Intellectual property theft, forced technology transfer, market access, and market distortion by subsidies to State Owned Enterprises (SOEs) are among the core issues in US-China trade negotiations. According to a Reuters report quoting unnamed sources, the US is stepping back on its demand regarding SOEs in China.

An important tricky point regarding SOEs is that it’s tightly interwind with the Chinese government’s industrial policy. That’s deeply rooted in the fundamental nature of China’s system, a “systematic rival” to major economies in the world as seen by EU. While China is making concessions in other areas, it’s an area that the socialist country won’t concede ground. A source said that “if U.S. negotiators define success as changing the way China’s economy operates, that will never happen”.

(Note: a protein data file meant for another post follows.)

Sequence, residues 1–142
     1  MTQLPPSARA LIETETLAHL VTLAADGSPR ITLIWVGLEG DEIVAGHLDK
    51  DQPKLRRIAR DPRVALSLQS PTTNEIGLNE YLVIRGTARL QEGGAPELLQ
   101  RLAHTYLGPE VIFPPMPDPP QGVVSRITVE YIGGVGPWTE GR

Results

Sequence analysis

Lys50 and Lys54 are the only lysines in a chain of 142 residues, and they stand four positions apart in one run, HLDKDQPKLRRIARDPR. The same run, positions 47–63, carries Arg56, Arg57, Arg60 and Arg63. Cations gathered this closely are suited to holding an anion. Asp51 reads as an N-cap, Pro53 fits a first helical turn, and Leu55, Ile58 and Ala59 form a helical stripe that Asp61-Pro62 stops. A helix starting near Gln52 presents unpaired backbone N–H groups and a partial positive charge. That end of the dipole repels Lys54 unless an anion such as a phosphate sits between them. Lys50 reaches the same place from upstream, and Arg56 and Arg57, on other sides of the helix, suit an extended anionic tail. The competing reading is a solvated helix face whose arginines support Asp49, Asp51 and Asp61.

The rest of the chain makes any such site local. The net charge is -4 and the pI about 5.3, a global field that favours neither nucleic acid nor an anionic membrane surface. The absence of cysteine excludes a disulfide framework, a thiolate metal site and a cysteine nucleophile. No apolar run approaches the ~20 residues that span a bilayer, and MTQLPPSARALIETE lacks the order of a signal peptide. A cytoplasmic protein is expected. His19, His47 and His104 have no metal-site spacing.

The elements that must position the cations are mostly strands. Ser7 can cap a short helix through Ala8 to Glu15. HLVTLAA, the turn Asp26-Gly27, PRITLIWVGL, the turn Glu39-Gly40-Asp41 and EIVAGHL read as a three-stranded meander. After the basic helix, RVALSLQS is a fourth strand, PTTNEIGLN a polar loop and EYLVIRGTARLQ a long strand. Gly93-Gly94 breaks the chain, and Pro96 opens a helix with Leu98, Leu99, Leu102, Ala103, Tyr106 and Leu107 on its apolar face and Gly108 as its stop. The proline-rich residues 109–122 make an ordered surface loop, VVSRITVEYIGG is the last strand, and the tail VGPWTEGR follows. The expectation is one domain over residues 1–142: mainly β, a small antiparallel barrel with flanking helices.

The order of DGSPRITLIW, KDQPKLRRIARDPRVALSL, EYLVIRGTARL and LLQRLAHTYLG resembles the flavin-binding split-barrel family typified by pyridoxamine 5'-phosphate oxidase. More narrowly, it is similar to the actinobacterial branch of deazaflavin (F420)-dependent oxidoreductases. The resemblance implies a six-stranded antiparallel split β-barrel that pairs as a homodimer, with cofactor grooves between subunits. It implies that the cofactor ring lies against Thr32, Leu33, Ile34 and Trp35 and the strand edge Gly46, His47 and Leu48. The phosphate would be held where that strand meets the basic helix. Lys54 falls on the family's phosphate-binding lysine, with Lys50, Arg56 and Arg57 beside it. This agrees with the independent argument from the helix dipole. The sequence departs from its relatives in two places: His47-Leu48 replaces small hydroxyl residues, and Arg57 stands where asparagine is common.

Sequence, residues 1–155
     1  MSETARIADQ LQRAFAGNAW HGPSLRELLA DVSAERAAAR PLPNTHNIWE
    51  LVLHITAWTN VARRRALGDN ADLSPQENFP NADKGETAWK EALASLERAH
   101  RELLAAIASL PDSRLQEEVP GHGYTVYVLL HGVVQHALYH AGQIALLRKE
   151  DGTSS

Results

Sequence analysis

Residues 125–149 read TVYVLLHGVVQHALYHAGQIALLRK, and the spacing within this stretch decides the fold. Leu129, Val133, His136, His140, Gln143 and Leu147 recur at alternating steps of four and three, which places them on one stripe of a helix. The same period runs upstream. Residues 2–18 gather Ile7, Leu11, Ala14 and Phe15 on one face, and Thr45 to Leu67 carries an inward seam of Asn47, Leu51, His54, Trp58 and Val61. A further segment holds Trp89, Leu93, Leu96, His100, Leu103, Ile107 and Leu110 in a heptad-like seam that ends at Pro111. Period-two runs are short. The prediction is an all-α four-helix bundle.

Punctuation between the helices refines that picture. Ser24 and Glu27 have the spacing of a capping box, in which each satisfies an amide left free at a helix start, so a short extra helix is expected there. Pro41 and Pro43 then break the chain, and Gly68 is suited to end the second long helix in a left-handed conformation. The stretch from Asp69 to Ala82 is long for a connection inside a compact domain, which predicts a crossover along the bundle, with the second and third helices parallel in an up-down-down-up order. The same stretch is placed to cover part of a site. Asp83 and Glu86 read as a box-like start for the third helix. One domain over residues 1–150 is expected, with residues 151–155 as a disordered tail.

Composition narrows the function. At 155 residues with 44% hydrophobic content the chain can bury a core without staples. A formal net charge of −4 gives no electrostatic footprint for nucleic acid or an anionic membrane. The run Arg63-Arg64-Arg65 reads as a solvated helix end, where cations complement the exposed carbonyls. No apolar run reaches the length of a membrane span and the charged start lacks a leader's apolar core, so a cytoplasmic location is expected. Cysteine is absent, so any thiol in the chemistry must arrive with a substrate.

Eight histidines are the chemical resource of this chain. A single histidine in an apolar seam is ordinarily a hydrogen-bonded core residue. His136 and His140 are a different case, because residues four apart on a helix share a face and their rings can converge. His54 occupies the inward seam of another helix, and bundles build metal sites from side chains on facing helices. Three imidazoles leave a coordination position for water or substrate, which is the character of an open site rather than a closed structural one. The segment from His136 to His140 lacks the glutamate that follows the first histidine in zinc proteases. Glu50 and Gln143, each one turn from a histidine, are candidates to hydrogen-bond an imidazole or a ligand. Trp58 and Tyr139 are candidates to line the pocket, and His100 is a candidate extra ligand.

In addition, China is expected to ramp up purchases of US goods as part of the trade deal. But who’s going to make the purchases? It’s most likely the SOEs which the government has direct control on. Thus, another sources said “the purchasing, for example, reinforces the role of the state sector because the purchasing is all being done through state enterprises.”

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